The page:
Earlier this month, New York City Mayor Bill de Blasio signed the “Earned Safe and Sick Time Act” into law. The new law, which will take effect on May 5, 2018, expands the purposes for which employees may use sick leave, broadens the definition of covered family members, and imposes new notice and recordkeeping requirements on employers. The law does not increase the total amount of leave employees are entitled to under the city’s existing sick leave ordinance.

Purposes For Which “Safe Leave” May Be Taken

The law will require that eligible employees be permitted to use “safe leave” when they or a covered family member have been the victim of a wide range of offenses, including but not limited to human trafficking, domestic violence, sexual assault, and stalking. When an employee or covered family member has been the victim of a covered offense, safe leave may be taken for any of the following purposes:

  • To obtain services from a domestic violence shelter, rape crisis center, or other shelter or services program;
  • To participate in safety planning, temporarily or permanently relocate, or take other actions to increase the safety of the employee or family member;
  • To meet with a civil attorney or other social service provider to obtain information and advice on, and prepare for or participate in, any criminal or civil proceeding, including but not limited to matters related to a family offense matter, sexual offense, stalking, human trafficking, custody, visitation, matrimonial issues, orders of protection, immigration, housing, discrimination in employment, housing or consumer credit;
  • To file a complaint or domestic incident report with law enforcement;
  • To meet with a district attorney’s office;
  • To enroll children in a new school; or
  • To take other actions necessary to maintain, improve, or restore the physical, psychological, or economic health or safety of the employee or family member or to protect those who associate or work with the employee.

Expanded “Family Member” Definition

The law significantly broadens the definition of “family member,” which will now also include any individual related to the employee by blood and any individual whose close association with the employee is the equivalent of a family relationship. Prior to the amendment, “family members” included the employee’s child, spouse, domestic partner, parent, sibling, grandchild or grandparent, or the child or parent of an employee’s spouse or domestic partner.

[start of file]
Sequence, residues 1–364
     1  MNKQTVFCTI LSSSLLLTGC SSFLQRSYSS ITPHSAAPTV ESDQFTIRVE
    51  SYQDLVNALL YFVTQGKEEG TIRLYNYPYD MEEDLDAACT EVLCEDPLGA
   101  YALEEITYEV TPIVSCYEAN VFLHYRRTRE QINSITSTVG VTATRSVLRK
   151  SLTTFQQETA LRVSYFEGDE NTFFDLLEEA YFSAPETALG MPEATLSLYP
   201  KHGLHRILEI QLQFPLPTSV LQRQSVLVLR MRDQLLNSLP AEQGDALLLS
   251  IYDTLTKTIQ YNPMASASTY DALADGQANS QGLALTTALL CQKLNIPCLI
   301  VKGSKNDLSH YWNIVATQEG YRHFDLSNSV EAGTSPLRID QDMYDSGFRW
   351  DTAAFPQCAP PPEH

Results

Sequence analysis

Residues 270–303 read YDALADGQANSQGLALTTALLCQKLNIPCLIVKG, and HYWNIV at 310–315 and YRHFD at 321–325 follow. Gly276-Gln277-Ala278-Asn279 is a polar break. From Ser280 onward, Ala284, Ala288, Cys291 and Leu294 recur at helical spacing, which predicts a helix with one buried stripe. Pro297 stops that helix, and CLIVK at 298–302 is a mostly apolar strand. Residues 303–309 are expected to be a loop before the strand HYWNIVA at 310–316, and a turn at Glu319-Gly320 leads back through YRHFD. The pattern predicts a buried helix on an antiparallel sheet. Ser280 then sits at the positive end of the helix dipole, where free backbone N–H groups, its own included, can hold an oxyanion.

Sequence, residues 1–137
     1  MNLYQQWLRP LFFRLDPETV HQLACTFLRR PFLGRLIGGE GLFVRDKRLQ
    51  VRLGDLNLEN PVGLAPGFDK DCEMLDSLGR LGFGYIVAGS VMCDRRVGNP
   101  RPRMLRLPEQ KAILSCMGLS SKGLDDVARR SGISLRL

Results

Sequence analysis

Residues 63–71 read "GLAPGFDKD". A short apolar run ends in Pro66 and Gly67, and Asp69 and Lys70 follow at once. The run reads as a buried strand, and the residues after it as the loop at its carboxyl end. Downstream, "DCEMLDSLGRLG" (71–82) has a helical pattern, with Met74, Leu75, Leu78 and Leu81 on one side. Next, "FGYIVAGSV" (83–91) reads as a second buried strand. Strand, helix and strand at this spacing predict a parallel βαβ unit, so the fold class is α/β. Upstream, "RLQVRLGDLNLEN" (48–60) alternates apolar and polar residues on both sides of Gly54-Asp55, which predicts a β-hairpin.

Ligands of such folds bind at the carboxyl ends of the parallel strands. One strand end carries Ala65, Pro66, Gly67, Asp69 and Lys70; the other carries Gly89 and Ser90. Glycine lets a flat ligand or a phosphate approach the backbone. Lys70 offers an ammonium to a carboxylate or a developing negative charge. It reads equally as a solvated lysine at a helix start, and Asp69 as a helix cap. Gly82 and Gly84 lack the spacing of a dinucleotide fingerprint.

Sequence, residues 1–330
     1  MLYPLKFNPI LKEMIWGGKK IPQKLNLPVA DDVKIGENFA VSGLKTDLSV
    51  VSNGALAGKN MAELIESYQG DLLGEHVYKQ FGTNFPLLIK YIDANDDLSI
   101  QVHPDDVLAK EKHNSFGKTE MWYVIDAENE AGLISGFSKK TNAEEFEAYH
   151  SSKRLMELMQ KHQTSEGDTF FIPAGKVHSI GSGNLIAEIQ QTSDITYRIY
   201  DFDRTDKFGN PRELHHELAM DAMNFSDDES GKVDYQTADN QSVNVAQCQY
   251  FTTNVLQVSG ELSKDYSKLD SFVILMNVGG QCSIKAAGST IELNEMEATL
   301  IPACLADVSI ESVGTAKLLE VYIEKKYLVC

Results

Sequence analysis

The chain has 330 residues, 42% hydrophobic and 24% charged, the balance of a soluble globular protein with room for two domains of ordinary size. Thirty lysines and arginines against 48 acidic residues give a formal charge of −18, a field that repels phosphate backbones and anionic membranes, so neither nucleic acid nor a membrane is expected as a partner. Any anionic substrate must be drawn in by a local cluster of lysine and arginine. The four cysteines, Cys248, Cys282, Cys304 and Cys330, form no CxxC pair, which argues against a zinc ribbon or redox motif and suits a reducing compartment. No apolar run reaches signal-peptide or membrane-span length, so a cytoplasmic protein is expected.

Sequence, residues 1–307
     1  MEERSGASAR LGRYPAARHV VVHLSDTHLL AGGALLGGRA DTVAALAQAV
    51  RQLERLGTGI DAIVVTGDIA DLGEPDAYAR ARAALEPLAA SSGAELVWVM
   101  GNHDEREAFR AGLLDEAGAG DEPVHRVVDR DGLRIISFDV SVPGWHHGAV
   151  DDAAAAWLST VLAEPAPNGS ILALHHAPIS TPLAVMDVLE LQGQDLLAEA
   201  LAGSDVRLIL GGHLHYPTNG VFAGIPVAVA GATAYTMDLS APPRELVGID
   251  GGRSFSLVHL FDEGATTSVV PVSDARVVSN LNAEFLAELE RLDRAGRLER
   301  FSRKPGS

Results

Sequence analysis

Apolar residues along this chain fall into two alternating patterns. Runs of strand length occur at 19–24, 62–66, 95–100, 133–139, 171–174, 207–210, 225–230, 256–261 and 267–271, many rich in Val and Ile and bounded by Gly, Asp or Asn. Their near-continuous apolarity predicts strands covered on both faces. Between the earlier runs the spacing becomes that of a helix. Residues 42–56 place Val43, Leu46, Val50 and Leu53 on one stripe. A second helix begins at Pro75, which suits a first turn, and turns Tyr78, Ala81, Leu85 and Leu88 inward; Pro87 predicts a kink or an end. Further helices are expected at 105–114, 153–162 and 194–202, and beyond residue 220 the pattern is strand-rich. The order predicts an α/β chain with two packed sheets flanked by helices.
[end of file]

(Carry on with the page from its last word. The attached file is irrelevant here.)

Existing reasonable notice and documentation requirements will also apply to safe leave absences. Employers may require reasonable notice from employees of their need to use safe time. Where such need is foreseeable, an employer may require reasonable advance notice—not to exceed seven days—of the employee’s intention to use safe leave. If the need for safe leave is not foreseeable, the employer may require the employee to provide notice of the need for leave as soon as practicable.

For absences of more than three consecutive work days, employers may require employees to provide reasonable documentation that the use of sick time was for a covered purpose. However, just as employers may not currently require employees to disclose details relating to their own or their family member’s medical condition, employers may not require employees to disclose details relating to their status as a victim of family offenses, sexual offenses, stalking, or human trafficking.

Existing law requires employers to provide new employees written notice of their right to sick leave, including information about accrual and use of sick leave, the calendar year recognized by the employer, and the employee’s right to be free from retaliation for using or requesting sick leave. No later than May 5, 2018, employers must revise existing notices to inform employees of their right to safe time under the new law. In addition, existing employees who have already received notice of their right to sick time must receive notice of their new right to safe leave no later than June 4, 2018.

Next Steps. In addition to updating the required notice of employee rights, employers should ensure that their handbooks and written policies are updated to reflect the new law’s requirements. With the increasing number of local employment-related ordinances, legal compliance is becoming increasingly complex. Employers should reach out to their counsel for solutions and recommendations.